Hearing sight
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Hearing & Sight. BIOL241 Ears & Eyes – Chap. 15. How do we see?. Gross Anatomy Micro anatomy Physics. Ora serrata. Ciliary body. Ciliary zonule (suspensory ligament). Sclera. Choroid. Retina. Cornea. Macula lutea. Iris. Fovea centralis. Posterior pole. Pupil. Optic nerve.

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Hearing sight

Hearing & Sight

BIOL241

Ears & Eyes – Chap. 15


How do we see

How do we see?

  • Gross Anatomy

  • Micro anatomy

  • Physics


Hearing sight

Ora serrata

Ciliary body

Ciliary zonule

(suspensory

ligament)

Sclera

Choroid

Retina

Cornea

Macula lutea

Iris

Fovea centralis

Posterior pole

Pupil

Optic nerve

Anterior pole

Anterior

segment (contains

aqueous humor)

Lens

Scleral venous

sinus

Central artery

and vein of

the retina

Posterior segment

(contains vitreous humor)

Optic disc

(blind spot)

(a) Diagrammatic view. The vitreoushumor is illustrated only in thebottom part of the eyeball.

Figure 15.4a


Layers again

Layers, again!!

  • Outermost layers:

  • dense avascular connective tissue

  • Sclera

  • Uvea

  • Cornea

  • Humors

  • more


Sclera

Sclera

  • Opaque posterior region

  • Protects and shapes eyeball

  • Anchors extrinsic eye muscles


Cornea

Cornea:

  • Transparent anterior 1/6 of fibrous layer

  • Bends light as it enters the eye

  • Sodium pumps of the corneal endothelium on the inner face help maintain the clarity of the cornea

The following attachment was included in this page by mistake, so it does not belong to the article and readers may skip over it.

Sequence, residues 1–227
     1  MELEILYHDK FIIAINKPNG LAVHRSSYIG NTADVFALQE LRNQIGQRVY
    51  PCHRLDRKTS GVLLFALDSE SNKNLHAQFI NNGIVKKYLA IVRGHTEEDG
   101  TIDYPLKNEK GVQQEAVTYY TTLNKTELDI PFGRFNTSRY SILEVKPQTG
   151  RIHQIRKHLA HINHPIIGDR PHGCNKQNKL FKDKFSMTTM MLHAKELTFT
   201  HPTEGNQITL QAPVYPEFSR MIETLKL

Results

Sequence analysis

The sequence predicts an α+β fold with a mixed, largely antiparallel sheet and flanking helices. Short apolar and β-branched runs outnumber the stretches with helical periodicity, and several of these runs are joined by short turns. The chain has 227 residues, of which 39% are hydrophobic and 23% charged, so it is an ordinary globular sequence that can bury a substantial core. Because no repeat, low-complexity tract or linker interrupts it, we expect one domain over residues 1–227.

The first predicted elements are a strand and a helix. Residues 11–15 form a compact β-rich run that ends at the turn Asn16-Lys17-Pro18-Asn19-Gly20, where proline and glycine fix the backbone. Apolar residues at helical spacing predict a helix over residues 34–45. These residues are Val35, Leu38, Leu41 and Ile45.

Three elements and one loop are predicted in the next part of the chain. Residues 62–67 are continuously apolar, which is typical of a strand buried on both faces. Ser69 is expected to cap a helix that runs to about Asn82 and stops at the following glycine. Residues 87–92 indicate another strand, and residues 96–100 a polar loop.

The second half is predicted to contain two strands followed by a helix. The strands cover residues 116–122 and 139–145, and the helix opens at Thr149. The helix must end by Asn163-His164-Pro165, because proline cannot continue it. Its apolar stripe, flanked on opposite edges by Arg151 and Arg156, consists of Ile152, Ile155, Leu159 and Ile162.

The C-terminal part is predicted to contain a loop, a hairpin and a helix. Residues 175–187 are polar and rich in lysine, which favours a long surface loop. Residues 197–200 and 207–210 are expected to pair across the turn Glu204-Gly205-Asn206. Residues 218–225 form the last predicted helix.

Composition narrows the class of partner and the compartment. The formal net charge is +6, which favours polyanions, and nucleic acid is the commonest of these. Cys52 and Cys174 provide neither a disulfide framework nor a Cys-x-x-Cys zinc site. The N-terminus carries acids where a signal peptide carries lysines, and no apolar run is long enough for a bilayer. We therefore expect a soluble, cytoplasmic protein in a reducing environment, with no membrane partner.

• Numerous pain receptors contribute to blinking and tearing reflexes


Uvea vascularized

Uvea (Vascularized)

  • Middle pigmented layer

  • Three regions: choroid, ciliary body, and iris

    • Choroid region

      • Posterior portion of the uvea

      • Supplies blood to all layers of the eyeball

      • Brown pigment absorbs light to prevent visual confusion


Uvea vascularized 2

Uvea (Vascularized) 2

Ciliary body

  • Ring of tissue surrounding the lens

  • Smooth muscle bundles (ciliary muscles) control lens shape

  • Capillaries of ciliary processes secrete fluid

  • Ciliaryzonule (suspensory ligament) holds lens in position


Hearing sight

Sympathetic activation

Nearly parallel rays

from distant object

Lens

Ciliary zonule

Inverted

image

Ciliary muscle

(a)Lens is flattened for distant vision. Sympatheticinput relaxes the ciliary muscle, tightening the ciliary zonule, and flattening the lens.

Figure 15.13a


Hearing sight